Facebook Twitter

CLARA: 3 STARS. “low-key and yet ambitious, it’s about the power of loss and discovery.”

No one will accuse “Clara” director/co-writer Akash Sherman of playing it safe. For his debut feature the twenty-something filmmaker essays no less a topic than the existence of life in outer space.

Suits star Patrick J. Adams is Dr. Isaac Bruno, a university professor placed on sabbatical when his obsession to find life on other planets gets in the way of him doing his job. Time off is no remedy for his fixation and he continues his search with the help of a co-worker Dr. Charlie Durant (Ennis Esmer ) and a research assistant named Clara (Troian Bellisario).

Bruno is a facts and figures guy, a pragmatist who studies the data looking for connections, desperate to fill the hole left in his heart by the death of his child by finding new life in the universe.

Clara is more abstract, a believer in the randomness of the universe beyond the numbers and maps. The push and pull between their approaches makes for a rocky relationship but her spiritualism may hold the roadmap for Isaac’s quest.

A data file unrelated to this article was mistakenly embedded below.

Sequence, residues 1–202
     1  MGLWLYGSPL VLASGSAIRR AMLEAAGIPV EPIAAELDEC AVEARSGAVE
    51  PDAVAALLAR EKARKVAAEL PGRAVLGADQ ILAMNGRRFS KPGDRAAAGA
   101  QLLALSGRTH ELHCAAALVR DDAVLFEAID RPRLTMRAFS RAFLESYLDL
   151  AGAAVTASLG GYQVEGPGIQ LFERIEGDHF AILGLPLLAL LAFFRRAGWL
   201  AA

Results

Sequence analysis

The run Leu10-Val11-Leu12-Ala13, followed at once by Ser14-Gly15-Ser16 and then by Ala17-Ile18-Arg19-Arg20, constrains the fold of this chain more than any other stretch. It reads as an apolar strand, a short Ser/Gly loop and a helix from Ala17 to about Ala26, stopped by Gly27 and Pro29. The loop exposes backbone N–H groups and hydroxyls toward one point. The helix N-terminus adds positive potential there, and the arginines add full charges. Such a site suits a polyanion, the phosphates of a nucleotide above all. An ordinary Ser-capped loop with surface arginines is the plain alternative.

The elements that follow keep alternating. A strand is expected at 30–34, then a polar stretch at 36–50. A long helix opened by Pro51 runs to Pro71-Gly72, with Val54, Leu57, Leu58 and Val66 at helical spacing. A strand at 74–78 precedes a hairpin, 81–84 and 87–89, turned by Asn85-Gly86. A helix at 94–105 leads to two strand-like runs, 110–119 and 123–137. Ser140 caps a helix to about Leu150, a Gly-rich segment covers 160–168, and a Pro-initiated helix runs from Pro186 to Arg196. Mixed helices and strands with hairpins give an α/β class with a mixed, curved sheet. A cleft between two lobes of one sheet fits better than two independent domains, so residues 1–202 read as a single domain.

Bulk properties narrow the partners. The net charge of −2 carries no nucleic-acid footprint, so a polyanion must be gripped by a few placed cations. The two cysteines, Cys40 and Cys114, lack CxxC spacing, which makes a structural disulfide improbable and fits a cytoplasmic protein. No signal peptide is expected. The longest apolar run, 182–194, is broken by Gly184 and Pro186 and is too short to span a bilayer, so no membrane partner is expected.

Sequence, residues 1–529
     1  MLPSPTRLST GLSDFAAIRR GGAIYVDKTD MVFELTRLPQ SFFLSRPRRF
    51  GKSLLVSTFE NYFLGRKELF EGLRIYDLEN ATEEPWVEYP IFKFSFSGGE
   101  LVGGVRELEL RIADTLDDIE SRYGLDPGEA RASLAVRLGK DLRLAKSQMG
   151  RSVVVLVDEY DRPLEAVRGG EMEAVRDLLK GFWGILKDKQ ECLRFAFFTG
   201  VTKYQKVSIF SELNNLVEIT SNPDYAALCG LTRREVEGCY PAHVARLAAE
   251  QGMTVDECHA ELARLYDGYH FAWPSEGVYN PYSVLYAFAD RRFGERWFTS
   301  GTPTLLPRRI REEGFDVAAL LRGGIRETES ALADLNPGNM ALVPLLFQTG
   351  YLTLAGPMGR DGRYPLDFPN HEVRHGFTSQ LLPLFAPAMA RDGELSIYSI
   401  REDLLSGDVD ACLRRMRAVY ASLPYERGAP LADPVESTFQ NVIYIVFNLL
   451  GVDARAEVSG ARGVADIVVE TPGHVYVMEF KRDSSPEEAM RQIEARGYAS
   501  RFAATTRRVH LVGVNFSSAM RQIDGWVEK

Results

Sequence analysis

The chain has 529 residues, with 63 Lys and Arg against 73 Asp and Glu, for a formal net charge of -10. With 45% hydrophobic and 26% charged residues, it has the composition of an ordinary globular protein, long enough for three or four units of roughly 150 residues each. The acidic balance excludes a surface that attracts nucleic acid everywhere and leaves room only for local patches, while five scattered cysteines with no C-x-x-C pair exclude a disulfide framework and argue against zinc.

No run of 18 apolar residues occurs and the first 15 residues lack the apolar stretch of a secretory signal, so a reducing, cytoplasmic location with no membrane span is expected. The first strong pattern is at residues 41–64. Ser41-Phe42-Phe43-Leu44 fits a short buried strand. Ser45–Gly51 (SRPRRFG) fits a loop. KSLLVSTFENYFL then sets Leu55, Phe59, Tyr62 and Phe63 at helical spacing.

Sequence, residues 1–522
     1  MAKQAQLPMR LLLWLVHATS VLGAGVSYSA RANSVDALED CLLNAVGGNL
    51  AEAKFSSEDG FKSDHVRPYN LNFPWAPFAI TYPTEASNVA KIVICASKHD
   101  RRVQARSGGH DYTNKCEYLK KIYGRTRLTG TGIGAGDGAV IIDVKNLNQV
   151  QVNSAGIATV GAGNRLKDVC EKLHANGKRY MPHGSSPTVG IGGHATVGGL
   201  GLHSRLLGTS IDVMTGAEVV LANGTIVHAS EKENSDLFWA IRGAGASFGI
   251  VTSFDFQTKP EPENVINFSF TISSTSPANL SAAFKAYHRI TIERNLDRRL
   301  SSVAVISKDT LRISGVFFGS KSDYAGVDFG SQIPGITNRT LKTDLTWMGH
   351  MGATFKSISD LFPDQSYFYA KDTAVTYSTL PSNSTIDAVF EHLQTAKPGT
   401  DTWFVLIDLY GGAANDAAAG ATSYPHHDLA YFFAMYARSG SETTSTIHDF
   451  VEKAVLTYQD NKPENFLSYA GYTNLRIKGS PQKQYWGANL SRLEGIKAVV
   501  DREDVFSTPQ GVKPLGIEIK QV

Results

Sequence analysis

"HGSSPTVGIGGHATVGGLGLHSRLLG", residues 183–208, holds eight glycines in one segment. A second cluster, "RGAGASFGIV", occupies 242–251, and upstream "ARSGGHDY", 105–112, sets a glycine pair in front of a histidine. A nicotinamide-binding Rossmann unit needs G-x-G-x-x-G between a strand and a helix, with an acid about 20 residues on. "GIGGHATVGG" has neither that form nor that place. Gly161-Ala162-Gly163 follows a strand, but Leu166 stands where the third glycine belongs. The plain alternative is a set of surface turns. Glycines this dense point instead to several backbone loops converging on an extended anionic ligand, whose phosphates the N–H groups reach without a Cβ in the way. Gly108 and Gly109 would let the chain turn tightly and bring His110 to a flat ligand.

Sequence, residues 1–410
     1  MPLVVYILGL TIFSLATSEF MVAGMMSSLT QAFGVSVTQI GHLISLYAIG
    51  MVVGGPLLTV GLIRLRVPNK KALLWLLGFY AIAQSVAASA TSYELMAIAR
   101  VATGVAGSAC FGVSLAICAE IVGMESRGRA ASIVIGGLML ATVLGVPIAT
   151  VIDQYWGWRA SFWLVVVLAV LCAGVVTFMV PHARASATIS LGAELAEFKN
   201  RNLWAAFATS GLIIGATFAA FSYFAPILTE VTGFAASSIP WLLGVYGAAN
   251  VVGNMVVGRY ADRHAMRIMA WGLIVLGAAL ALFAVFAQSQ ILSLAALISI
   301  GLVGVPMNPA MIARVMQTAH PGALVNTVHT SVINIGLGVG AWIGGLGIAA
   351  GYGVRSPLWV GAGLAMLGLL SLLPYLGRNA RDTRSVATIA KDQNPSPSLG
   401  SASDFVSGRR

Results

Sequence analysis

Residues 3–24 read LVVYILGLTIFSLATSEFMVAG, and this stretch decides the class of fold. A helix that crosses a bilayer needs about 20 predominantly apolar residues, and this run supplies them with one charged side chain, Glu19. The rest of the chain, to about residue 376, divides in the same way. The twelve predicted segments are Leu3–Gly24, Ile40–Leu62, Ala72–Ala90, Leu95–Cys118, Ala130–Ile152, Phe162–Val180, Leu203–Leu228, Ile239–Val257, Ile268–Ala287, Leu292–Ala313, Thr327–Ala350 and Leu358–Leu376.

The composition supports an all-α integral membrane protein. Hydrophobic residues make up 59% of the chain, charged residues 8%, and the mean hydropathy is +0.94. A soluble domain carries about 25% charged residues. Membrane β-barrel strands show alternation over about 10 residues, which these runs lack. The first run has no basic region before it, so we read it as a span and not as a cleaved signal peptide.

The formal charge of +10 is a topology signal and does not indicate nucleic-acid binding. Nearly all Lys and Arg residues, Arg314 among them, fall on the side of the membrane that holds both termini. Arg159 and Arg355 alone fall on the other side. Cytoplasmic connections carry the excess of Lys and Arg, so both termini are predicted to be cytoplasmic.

Austere, low-key and yet ambitious, “Clara” is about the power of loss and discovery. Add in a big dollop of spirituality and you have a movie that isn’t quite sci fi even though it spends much of its time ruminating on speculative themes. It’s solemn and often feels overwrought, asking question after question without offering much in the way of insight or true emotion.

Director Sherman shows an undeniable eye for composition and atmosphere. It’s in the storytelling that “Clara” wobbles. The push-and-pull between objectivity and intuition is interesting but overplayed to the point of exhaustion. The climax reaches for the stars, offering a hopeful note, that will strike some as poetic, others as the very definition of schmaltz.

Comments are closed.